Mike: I know. I was joking. August 13, 1972, Billy Martin drew his lineup out of a hat.

Joe: The mad hatter. You would wonder why he was fired so many times.

Mike: Ok. So would you say that constructing a lineup should follow a particular pattern based on what? Stats?

Joe: Physical ability is a better predictor of what will happen than past stats, but you can use stats easier. Conventional stats don’t tell you as much as you need to know, that’s why I keep my own. Because of that I can tell you that the two best base runners on the team are by far Michael Brantley and Orlando Cabrera. Brantley has a +23 and Cabrera has a +19. See if you can figure that out.

Mike: So why wont you put O. Cabrera in the top three in the lineup? You would think that a good manager would put good base runners in front of good hitters,

Joe: The .287 OBP may slow him down there. However, OC has played well enough, I consider him one of the better hitters and he should bat in the top 7. I think the real issue here is Matt LaPorta though. We haven’t mentioned him by name yet, but he’s second on the team in HR and is the only pure power hitter on the team with Pronk out. The question is do you hit him high in the lineup and hope he can stop getting out 75% of the time or do you keep hitting him 7th or 8th.

Mike: I cannot answer that question. Why? because there is no substitute for lack of talent in the batting order. You say he is the only pure “power hitter” on the team with Pronk being out, but is he? If we take a look at ISO (Isolated Slugging Percentage, SLG-OBP) then Grady is a pure power hitter (.326) and Asdrubal is turning into one (.234). LaPorta (.208) is ahead of Pronk (.204). So yes I agree Grady should not bat lead off (something I have argued with you since 2007), these numbers indicate he should be the clean-up hitter. Point being if you to determine exactly what metrics to use when determining batting order and then stick to those metrics. Are you going to use OBP? SLG? BA? Number of hits?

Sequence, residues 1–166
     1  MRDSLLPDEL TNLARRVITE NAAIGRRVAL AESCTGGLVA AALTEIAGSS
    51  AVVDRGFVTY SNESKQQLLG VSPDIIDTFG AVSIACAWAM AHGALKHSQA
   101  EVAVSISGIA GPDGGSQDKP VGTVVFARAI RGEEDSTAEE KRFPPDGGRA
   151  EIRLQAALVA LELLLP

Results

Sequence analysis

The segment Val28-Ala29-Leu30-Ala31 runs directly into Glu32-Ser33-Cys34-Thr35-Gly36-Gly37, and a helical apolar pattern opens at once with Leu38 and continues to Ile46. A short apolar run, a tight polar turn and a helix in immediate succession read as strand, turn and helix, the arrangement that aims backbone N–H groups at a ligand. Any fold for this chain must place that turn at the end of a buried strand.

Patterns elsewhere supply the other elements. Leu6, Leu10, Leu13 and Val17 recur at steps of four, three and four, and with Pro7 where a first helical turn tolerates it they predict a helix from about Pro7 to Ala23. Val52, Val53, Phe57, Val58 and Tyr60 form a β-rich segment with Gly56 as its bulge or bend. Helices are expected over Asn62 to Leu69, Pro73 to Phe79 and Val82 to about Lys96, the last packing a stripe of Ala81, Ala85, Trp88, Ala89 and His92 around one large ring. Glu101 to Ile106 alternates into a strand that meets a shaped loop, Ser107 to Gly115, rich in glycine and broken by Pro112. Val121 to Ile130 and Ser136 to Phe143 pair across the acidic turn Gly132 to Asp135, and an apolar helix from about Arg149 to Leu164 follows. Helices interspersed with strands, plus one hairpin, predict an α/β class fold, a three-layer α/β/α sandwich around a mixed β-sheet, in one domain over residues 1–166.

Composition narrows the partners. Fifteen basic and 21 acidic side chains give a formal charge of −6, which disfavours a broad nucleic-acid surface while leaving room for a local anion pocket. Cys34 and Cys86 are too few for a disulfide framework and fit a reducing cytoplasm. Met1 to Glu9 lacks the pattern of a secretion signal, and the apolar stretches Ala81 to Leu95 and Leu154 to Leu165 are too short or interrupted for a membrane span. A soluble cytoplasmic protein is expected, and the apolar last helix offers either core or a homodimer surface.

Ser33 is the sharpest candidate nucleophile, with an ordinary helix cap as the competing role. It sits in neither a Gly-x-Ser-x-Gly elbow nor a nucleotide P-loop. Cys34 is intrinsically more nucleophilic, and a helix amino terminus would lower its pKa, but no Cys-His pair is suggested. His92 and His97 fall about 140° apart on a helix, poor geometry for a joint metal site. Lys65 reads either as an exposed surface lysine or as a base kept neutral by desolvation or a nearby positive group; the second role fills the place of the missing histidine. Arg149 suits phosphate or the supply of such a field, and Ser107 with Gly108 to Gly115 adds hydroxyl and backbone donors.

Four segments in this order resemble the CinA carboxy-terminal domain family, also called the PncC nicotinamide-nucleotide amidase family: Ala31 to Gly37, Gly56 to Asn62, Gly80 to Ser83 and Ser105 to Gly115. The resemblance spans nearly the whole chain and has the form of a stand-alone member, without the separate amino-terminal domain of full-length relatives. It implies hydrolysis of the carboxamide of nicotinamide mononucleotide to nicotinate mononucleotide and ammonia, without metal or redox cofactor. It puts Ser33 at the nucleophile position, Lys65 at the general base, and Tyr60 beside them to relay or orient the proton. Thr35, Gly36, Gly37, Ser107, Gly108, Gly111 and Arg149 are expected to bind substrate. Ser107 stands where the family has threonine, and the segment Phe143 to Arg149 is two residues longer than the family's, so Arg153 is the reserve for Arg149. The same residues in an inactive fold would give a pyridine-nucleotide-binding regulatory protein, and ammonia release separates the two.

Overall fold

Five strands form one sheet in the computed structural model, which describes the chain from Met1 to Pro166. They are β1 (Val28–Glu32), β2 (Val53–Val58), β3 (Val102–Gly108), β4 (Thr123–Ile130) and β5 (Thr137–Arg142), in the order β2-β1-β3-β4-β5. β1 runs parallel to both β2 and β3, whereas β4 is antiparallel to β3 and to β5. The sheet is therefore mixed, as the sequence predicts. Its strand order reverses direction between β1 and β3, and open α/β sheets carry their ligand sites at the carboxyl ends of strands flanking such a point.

Joe: You can only stick to those metrics if you think they can predict the future. Obviously Asdrubal is not going to continue hitting homers like this all year, so you can’t necessarily just run with the stats. If Grady isn’t going to hit lead off, there is no reason he can’t clean-up. Since Acta has already shown he isn’t afraid to take him out of that spot, there’s no reason to put him back. The problem with Grady at 4 is that Choo is a lefty and Acta hates back-to-back lefties. I prefer putting hitters in their place regardless of handedness. We’re running out of room here, so why don’t you give me your final lineup/closing argument.

Mike: My conclusion is that who is in the lineup is more important than in what order you have them in. A manager hands are tied in respect to what players the front office gives him to make his lineup card. If the Indians had the payroll to trade/sign Adrian Gonzalez, we are not having this conversation. If Carl Crawford is roaming left field instead of Austin Kearns, we would have a more worthwhile discussion.

Joe: Well since we don’t live in dream land (which is near Boston apparently) I’ll actually answer my question. Brantley, Asdrubal, Choo, Sizemore, Santana, LaPorta, Orlando, Buck, [Jack] Hannahan. Of course all this will change in a couple week when Hafner gets back. Until next time.

About Joseph Coblitz

Joseph is the primary writer and editor of BurningRiverBaseball.com and has been since it's inception in 2011. He is a graduate of the University of Akron and currently resides in Goodyear, Arizona.